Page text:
The setting is Jacob meeting Esau. Esau wanted Jacob to travel with him. Jacob would not. Jacob’s reasons:
“And he said unto him, My lord knoweth that the children are tender, and the flocks and herds with young are with me: and if men should overdrive them one day, all the flock will die” (Genesis 33:13).
Can we “over-drive” our tender ones? Sure, but those who mature spiritual babies realize:
- The young need specific care. The Amplified Bible put it, “the children are tender. . . and need gentle care.”
- Jacob also mentioned having his flocks with their young.
- The health of the tender took precedence over Esau’s desires.
Jacob’s decision was strategic and intentional. He knew the risk of rushing. Injury might befall a tired child. One of the young flock could die. Two factors are presented: (1) Jacob’s concern for the “children.” (2) Future benefit might be lost. Animals that died from being “over-driven” did not multiply.
As was the case with Jacob’s situation, moving new converts too quickly results in loss. Given time to develop, today’s converts become mature, soul-winning, tithe-paying, disciple-making saints. But it does not happen quick.
“Over-driving” converts looks like this:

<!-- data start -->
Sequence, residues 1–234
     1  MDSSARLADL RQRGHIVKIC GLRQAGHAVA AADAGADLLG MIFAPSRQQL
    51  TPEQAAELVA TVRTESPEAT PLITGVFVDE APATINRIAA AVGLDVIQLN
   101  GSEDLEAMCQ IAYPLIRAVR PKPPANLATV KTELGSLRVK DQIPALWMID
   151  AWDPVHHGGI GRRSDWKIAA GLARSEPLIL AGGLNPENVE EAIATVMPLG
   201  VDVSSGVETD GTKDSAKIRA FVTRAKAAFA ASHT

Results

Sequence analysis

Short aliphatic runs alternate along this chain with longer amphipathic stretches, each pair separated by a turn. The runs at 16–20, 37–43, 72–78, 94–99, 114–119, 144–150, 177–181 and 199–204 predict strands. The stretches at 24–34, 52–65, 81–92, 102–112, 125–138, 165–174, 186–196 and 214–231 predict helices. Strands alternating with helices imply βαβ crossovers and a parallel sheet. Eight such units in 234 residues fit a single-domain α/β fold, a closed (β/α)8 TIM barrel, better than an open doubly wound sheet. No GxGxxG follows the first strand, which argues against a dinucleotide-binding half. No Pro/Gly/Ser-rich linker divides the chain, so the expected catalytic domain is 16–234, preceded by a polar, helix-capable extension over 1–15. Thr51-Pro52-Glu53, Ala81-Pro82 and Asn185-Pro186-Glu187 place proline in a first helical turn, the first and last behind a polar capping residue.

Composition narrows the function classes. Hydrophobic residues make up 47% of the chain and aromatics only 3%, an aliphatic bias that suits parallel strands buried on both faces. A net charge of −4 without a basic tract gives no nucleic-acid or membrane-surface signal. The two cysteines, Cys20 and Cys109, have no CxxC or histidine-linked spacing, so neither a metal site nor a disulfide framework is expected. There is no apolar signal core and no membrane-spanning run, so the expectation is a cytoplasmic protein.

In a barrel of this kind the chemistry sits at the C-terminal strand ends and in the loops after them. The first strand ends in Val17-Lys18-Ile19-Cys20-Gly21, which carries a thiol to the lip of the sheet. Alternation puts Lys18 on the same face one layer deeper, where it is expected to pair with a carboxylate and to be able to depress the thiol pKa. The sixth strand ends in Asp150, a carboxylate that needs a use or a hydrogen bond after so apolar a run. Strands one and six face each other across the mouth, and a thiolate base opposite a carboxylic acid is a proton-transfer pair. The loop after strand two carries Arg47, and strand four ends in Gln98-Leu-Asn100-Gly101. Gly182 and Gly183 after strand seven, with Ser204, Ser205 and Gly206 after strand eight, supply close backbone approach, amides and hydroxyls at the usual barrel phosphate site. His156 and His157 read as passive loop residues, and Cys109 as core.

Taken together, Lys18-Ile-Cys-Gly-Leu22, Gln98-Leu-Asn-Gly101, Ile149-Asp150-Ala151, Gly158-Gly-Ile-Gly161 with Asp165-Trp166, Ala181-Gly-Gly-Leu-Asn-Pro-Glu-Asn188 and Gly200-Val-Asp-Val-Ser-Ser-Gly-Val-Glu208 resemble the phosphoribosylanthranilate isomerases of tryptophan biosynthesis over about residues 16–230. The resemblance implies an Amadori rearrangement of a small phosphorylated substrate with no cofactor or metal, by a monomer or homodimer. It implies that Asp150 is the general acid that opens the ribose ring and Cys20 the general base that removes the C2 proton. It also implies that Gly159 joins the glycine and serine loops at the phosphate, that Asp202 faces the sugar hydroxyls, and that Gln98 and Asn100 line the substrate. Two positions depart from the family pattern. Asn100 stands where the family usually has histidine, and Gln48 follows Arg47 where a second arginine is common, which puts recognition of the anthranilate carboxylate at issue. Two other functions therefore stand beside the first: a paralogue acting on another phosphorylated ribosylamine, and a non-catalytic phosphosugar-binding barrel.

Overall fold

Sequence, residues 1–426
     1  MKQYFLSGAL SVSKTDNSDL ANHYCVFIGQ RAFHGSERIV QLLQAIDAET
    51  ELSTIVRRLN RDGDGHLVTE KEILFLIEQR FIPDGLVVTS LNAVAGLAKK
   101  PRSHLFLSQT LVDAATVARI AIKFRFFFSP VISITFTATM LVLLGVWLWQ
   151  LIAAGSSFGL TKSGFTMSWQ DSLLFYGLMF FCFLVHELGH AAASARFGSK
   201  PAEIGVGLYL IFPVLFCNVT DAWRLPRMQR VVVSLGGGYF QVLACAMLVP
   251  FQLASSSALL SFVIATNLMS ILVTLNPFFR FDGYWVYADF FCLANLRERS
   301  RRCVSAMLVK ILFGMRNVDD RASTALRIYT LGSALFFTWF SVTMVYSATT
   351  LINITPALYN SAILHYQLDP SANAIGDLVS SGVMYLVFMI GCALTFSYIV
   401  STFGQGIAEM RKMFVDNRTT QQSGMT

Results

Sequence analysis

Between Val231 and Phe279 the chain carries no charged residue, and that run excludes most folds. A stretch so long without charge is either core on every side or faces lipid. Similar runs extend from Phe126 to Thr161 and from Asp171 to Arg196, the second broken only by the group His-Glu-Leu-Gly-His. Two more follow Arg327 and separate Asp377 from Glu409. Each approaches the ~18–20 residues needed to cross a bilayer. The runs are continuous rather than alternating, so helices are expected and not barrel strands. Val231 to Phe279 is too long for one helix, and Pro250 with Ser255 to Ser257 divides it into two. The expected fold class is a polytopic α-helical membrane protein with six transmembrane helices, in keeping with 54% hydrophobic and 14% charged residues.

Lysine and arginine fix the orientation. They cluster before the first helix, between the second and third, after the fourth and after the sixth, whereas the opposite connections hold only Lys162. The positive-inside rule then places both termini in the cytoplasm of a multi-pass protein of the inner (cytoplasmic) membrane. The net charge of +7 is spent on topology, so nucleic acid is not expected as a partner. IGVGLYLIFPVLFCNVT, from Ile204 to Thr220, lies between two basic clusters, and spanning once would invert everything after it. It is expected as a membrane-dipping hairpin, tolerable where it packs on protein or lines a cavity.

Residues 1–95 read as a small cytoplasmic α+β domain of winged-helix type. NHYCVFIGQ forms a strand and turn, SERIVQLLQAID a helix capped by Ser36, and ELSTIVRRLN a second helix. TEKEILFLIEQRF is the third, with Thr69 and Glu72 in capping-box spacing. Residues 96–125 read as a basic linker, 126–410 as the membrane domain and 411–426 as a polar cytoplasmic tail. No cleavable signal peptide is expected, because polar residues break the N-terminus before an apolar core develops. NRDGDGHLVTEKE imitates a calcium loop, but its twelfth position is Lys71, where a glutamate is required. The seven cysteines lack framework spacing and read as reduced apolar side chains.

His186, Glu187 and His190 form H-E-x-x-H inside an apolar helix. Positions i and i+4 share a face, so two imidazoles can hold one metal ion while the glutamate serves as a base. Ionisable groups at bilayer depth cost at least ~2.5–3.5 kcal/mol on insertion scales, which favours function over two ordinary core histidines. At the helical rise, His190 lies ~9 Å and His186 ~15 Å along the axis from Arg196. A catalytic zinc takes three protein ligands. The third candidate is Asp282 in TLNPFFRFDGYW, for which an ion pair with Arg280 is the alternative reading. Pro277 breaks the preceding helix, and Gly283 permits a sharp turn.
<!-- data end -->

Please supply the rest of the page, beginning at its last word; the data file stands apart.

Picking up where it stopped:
- Force-feeding meat the “tender one” isn’t ready to receive.
- Expecting lifestyle change without giving foundation for change.
- Requiring the young to keep pace with the mature.
Apply Jacob’s wisdom.
- Behave intentionally and strategically. Don’t over-drive your young.
- Patience! Develop your “tender ones,” and they eventually help care for others.
- Little one awareness! Jacob’s phrase “with me” indicated responsibility. Decisions and behaviors of today determine how your little ones will do tomorrow.
If you are not responsible for the well-being of your tender ones, who is? Take it slow. I have to! It is a slow go with my “tender ones” at springfieldcalvary.church.
More insight on developing disciples is available. At 7 p.m. (CST) on the second Tuesday of each month, I host a Facebook Live webinar at my personal Facebook page. More blog posts on these concepts are at carltoncoonsr.com. I welcome questions and your insight into developing people.